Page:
Lara van Meeteren and Bart Wissink critically analyze the premise of biennials as hegemonic machines through Gramsci’s usage of “hegemonies as situated historic and geographic ‘settlements’ that are actively constructed and maintained by factions of a society that make up a ‘historic bloc’.” Van Meeteren and Wissink scrutinize ways in which very recently established biennials in Thailand are balanced between ideas of nation, religion, and monarchy with notions of authentic ‘Thainess’ foregrounded. Melody Du Jingyi and Wilson Yeung Chun Wai explore in “‘Tactic’ and ‘Execution’: Reflections on the Curatorial Dialogues of the 12th Shanghai Biennale” the historical context and today’s adjustments of the Shanghai Biennale—founded in 1996—as the first biennial of contemporary art in China. While the biennial is rooted in an avant-garde tradition (the first iteration followed the large-scale Chinese Avant-Garde Exhibition in 1989), the biennial is now operated under strict governmental supervision. In Xinming Xia’s paper, “The Yinchuan Biennale: The Belt and Road Initiative and the Artistic Practices Linking from the East to the West,” the author examines the history and context of the Yinchuan Biennale, a Chinese biennial established with themes of ecology and diversity alongside the ambitious Belt and Road Initiative. Sarat Maharaj’s co-curating of the third Guangzhou Triennial in 2008 makes us aware of a postcolonial imperative that “has generated its own restrictions that hinder the emergence of artistic creativity and fresh theoretical interface.” Maharaj’s catalogue essay, “Farewell to Postcolonialism, Towards a Post-Western Modernity,” expresses a certain unease about postcolonial critical tools ushering in their own hegemonic dominance. Patrick D. Flores describes his aim of setting up and artistically directing the 2019 Singapore Biennale in “Time to Unlearn: Urgency and Practical Intelligence in the Southeast Asian Museum.” Flores reflects on Southeast Asia’s history by escaping the traditional colonial narratives of the West, instead looking into “the civilizational discourses of China and India, Catholicism and Islam [...] and dense natural history that is close to the level of the Amazon.” In the text, “Freeing the Weights of the Habitual,” by Raqs Media Collective, the New Delhi-based artists and curators (Jeebesh Bagchi, Monica Narula and Shuddhabrata Sengupta) ask: “Are we implicitly trapped within an already assumed intellectual and cultural narratology? And: Are we continuously crafting ways of doing things that keep certain tendencies at bay and working out modalities that can bring in different kinds of co-habitation? And: What is the mechanism—and how do we seek it—of “freeing” the weights of habitual narrative entrapments?” The text builds from an observation by Vietnamese American writer Ocean Vuong speaking about the thinking process behind his new book, On Earth We’re Briefly Gorgeous.
“TOMORROW THERE WILL BE MORE OF US: ART AS A CONTACT ZONE” by Sven Christian examines South African biennials, namely both iterations of the Johannesburg Biennale—Africus (1995) and Trade Routes: History and Geography (1997)—and their spiritual successor CAPE 07. Christian describes how a sudden paucity of funding provided opportunities for more experimental and locally embedded exhibition formats. The contribution is initiated through the prism of the current Stellenbosch Triennale 2020 and its complex metaphors of sickness and healing. Yacouba Konaté examines the “The Invention of the Dakar Biennial” and suggests that the Dakar Biennial was launched for the promotion of African artists and artists of the continent. Through promoting alternative contexts and exhibition structures for non-Western art, Konaté suggests that the Biennial can help us rethink conventional classifications in the realm of art history. Conceptual artist, sculptor, painter, writer, and curator Rasheed Araeen’s essay, "Dak'Art 1992-2002: The Problems of Representation, Contextualistion, and Critical Evaluation in Contemporary African Art” examines the complexity of staging a biennial of visual art in Senegal and its implications for cultural autonomy and nation-building in the postcolonial era.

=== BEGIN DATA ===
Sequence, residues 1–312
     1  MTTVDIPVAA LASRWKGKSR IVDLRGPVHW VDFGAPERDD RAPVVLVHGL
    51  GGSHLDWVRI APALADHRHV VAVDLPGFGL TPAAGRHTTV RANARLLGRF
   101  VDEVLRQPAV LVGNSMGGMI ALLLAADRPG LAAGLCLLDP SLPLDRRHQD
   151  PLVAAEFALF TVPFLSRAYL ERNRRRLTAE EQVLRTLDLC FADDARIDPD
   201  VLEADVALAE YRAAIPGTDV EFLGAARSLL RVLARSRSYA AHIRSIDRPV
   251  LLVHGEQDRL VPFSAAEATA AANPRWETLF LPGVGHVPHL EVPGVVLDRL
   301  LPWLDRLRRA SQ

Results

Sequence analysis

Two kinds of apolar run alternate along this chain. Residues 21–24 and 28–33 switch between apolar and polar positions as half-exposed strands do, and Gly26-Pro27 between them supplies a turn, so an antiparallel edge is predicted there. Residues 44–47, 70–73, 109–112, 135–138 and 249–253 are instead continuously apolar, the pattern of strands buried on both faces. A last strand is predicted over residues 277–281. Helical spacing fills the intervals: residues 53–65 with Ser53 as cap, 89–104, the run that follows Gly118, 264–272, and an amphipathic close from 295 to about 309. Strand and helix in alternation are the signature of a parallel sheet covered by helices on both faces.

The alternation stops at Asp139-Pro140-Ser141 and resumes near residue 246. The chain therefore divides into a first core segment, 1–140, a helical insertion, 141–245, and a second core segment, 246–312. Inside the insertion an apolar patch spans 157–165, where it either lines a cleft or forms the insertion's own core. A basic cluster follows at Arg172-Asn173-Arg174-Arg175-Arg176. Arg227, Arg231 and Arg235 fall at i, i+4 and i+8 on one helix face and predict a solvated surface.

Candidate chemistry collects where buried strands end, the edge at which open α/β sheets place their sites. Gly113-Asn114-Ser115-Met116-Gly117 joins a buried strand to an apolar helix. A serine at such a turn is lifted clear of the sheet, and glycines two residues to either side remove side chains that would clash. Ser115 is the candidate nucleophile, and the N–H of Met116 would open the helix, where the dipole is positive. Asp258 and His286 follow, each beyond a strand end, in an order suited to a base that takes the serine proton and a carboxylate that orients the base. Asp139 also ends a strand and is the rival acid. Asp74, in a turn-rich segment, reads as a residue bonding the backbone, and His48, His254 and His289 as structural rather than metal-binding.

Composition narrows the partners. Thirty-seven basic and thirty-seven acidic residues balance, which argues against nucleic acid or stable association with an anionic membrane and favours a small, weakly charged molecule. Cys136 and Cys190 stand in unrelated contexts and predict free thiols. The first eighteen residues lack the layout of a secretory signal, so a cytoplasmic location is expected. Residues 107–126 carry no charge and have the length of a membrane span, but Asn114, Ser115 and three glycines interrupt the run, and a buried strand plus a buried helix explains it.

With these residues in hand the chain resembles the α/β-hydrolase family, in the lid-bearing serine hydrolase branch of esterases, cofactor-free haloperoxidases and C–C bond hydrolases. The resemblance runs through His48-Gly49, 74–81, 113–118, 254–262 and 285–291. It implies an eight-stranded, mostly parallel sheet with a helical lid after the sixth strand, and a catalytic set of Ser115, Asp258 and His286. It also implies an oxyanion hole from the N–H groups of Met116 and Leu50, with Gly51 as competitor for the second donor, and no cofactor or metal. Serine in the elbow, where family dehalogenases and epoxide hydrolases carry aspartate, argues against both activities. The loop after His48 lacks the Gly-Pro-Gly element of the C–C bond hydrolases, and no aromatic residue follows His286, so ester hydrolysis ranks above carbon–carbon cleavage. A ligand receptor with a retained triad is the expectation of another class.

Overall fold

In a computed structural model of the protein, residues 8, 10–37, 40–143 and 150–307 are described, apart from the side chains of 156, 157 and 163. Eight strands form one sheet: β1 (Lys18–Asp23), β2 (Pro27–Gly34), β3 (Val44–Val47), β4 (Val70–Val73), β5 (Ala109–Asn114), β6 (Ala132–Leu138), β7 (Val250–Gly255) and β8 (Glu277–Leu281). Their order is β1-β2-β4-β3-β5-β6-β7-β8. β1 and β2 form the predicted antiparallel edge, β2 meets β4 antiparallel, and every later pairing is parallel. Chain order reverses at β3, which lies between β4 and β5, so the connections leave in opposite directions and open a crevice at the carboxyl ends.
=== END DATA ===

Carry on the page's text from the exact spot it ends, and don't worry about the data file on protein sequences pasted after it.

“Biennials and their Siblings: Towards an Interdisciplinary Discourse on Curating Performance” authored by Brandon Farnsworth observes a shift in biennial discourses, bringing the field closer to music and theatre festivals by discussing their shared common history. Farnsworth’s argument takes up as case studies the newly established osloBIENNALEN 2019-2024 and Florian Malzacher’s event project Truth is Concrete at steirischer herbst (2012). Eva González-Sancho Bodero and Per Gunnar Eeg Tverbakk discuss their ambition of setting up a new institution whilst shaping the first edition of osloBIENNALEN with Anna Manubens. Conjecturing a future biennial model, the osloBIENNALEN—a five-year-long endeavor—concentrates on the production of artworks in the public sphere, which has so far tended to avoid commissioned works from big name artists. Robert E. D’Souza’s article “Before, During, After Biennale” considers the overlapping experiences of both artistic inclusion and critical academic engagement in the Kochi-Muziris Biennale in India and the recently launched osloBIENNALEN in Norway. These biennials are considered in terms of their specific characteristics and contexts in relation to engaging with locality and public space. D’Souza considers the attendant issues, complexities, and “biennial effects” against a developing globalized critical biennial discourse and how biennial ‘knowledge’ and ‘genealogies’ might have impacted the practice for those engaged in developing these two art biennials.
Nora Sternfeld reflects on the realities of her role and ambitions as Artistic Director of the 2016 Bergen Assembly in Norway. Teobaldo Lagos Preller sheds light on two recent biennials in “Bergen Assembly 2019, 11th Berlin Biennale 2020, the Virus, Life, and New Places.” Both initiatives may have common curatorial and artistic strategies such as concepts of solidarity, affectivity, and cultural agency, encouraging changes to biennials and their formats.